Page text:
[Interview] Johannes Roberts for RESIDENT EVIL: WELCOME TO RACCOON CITY

[Interview] Johannes Roberts for RESIDENT EVIL: WELCOME TO RACCOON CITY
Courtesy Screen Gems
In RESIDENT EVIL: WELCOME TO RACCOON CITY, the booming home of the pharmaceutical giant Umbrella Corporation is now a dying Midwestern town. The company’s exodus left the city a wasteland…with great evil brewing below the surface. When that evil is unleashed, a group of survivors must work together to uncover the truth behind Umbrella and make it through the night.

Recently, Nightmarish Conjurings’ Shannon McGrew spoke with Resident Evil fan and WELCOME TO RACCOON CITY‘s Director, Johannes Roberts, where we discussed everything from how he became a fan of the Resident Evil games, the fight for practical effects in the upcoming WELCOME TO RACCOON CITY, and how faithful the film is to the videogames we know and love.

It’s so great to speak with you again, Johannes! Can you start by telling us how you became a fan of not only the Resident Evil games but the film franchise as well? 

Johannes Roberts: As you know, I’m a huge horror nerd. I really came into [the game] when I was a student in the nineties and horror was in a bit of a weird place, and I was struggling to find my horror. I remember trying to get to watch In the Mouth of Madness and it was playing on one screen somewhere, I had to really travel to find that movie. It was just a weird time. Wes Craven kind of rebooted horror with Scream and that just didn’t connect with me. It was very self-aware and I didn’t want my horror like that. And then, this game came along that was completely in love with everything that I was in love with. You could tell the guys behind it were geeky horror nerds who just loved dark, scary movies that were gory and creepy. So I sort of fell in love with it for that. I was not a gamer at the time, so I sort of fell in love with it while watching this game as a movie, and then [I started] to get into gaming. So that was really how I sort of came across it. And then, the film franchise, I have a separate love for. I just fell in love with Milla Jovovich. And then to just be given the keys to the kingdom was such a great thing, to go back to the games and really make something scary again.

Speaking of making things scary, were you able to use a lot of practical effects on this film? 

Johannes Roberts: As much as I possibly could we did practically. Once things get beyond a certain scale, you have to move to the world of CG. We did a lot of practical and really, I fought for that. Everything about [the film] was old school. There were no drones. There were no technocranes. It was all old-school filmmaking. Zoom lenses, anamorphic, we didn’t smooth any of the camera work out afterward that you tend to do these days. It’s very single-camera old-school filmmaking.


Having seen all of your films, one thing that’s a constant is you always have had a banging soundtrack. For this film, what was the process like in picking the songs, especially the use of Jennifer Paige’s “Crush”?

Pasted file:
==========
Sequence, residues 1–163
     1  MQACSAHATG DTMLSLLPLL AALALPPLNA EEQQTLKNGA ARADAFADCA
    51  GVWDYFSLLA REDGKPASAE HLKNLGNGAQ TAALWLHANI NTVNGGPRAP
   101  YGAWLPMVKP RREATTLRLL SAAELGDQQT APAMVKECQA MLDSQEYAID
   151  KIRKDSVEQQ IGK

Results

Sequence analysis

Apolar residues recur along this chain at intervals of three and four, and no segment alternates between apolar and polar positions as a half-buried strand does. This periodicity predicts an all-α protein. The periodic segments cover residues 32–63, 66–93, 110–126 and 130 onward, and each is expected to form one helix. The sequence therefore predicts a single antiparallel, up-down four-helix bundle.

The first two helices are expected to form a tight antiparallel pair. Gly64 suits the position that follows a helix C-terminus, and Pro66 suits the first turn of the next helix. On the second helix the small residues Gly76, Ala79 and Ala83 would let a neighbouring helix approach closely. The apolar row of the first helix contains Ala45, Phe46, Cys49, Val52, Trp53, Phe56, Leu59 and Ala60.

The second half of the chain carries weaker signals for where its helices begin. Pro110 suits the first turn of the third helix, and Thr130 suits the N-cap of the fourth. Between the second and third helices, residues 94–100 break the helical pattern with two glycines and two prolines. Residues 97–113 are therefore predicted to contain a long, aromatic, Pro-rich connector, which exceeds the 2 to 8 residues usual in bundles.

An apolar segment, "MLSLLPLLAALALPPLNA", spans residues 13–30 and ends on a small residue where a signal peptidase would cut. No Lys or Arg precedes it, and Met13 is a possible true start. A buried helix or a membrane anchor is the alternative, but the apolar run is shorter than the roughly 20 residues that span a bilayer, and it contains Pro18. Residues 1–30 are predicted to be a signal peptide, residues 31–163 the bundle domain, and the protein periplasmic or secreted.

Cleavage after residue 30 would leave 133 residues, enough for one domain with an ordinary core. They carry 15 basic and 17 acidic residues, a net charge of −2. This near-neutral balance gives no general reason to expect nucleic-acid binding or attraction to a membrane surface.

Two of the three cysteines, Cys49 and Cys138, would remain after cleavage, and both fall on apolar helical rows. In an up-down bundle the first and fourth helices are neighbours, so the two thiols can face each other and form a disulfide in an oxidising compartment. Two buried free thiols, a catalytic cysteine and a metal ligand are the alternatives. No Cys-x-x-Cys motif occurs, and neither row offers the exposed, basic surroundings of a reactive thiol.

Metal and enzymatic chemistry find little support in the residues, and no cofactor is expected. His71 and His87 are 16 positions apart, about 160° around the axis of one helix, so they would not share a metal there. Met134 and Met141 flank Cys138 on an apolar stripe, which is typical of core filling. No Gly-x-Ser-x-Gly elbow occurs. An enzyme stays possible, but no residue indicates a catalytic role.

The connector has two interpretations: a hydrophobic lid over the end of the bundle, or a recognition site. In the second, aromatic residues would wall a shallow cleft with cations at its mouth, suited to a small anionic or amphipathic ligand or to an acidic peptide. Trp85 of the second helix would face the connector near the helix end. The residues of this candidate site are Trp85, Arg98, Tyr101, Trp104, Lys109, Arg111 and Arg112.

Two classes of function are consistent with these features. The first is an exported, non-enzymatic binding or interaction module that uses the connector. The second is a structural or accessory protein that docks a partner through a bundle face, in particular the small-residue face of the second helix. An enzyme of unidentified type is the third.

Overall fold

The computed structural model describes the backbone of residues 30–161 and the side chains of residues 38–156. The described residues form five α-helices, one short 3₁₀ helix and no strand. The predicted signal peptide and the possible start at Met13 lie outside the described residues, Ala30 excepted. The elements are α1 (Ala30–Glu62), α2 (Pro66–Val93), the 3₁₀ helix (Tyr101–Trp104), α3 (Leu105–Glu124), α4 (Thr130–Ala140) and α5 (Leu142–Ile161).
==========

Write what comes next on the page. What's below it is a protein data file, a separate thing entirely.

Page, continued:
Johannes Roberts: Like The Strangers: Prey at Night and 47 Meters Down: Uncaged, you’re listening to my soundtrack. This is what goes on in my head all the time. And “Crush” was big in my mind when I was playing that original game. I knew straight away and very early on that it was either going to be that or Shakespears Sister for that sequence. I tried Shakespears Sister but it didn’t work, so we went with “Crush” and it worked. It told me so much about Leon and I loved it.

Also, Donal Logue was such a wonderful actor to work with as Chief Brian Irons and basically, I would wind him up and let him go. He was just glorious to watch. He did this improv scene where he started talking about Steve Perry and Journey and how that would be as a date night and stuff. And I was like, what the fuck is he even talking about. We put it in the movie and I didn’t know if people would get it, but I really liked it cause I just liked his energy with it. Then, when we have that whole scene with him, I’m like, holy shit, you know what he’s going to be listening to in the car? He’s going to be listening to Journey in his car! The movie is fun, ya know? I wanted it to be grounded and real and take itself seriously, but I just love the 80’s and 90’s music and it gives the film a great texture.

Since I haven’t played the video game, how faithful is this film to the game? And how important was it for you to feature Easter Eggs from the other films? 

Johannes Roberts: It’s super faithful to the games to the point that we worked hand in hand with Capcom. We got the blueprints for the mansion and the police station to actually build them from scratch. We really got as many details as we could. Whether it’s the trucker eating his burger to the truck itself, which was identical [to the one in the game]. I had so much fun just being a nerd and people wouldn’t stop me [Laughs]. I’d be like, well, I want to build this identically and it’s like, yeah, okay, you can do that. And I’m like okay, well then I want this as well [Laughs].

The Easter Eggs, it was great fun putting… it’s always about the story first, but it was great fun putting all these little nods. And obviously, you have the post-credit sequence and it was all kind of fun. The whole movie is just kind of in love with the games, for sure. I didn’t want it to overwhelm the movie, I really wanted the narrative to stand on its own and for people to just go in and be able to enjoy it. It’s a nerd movie, there are so many things that I was just like, fuck it if you’re going to let me do it, I’m going to do it [Laughs]. You don’t get that chance too often in your life so I went for it.

RESIDENT EVIL: WELCOME TO RACCOON CITY arrives exclusively in movie theaters on November 24, 2021.

Shannon McGrew
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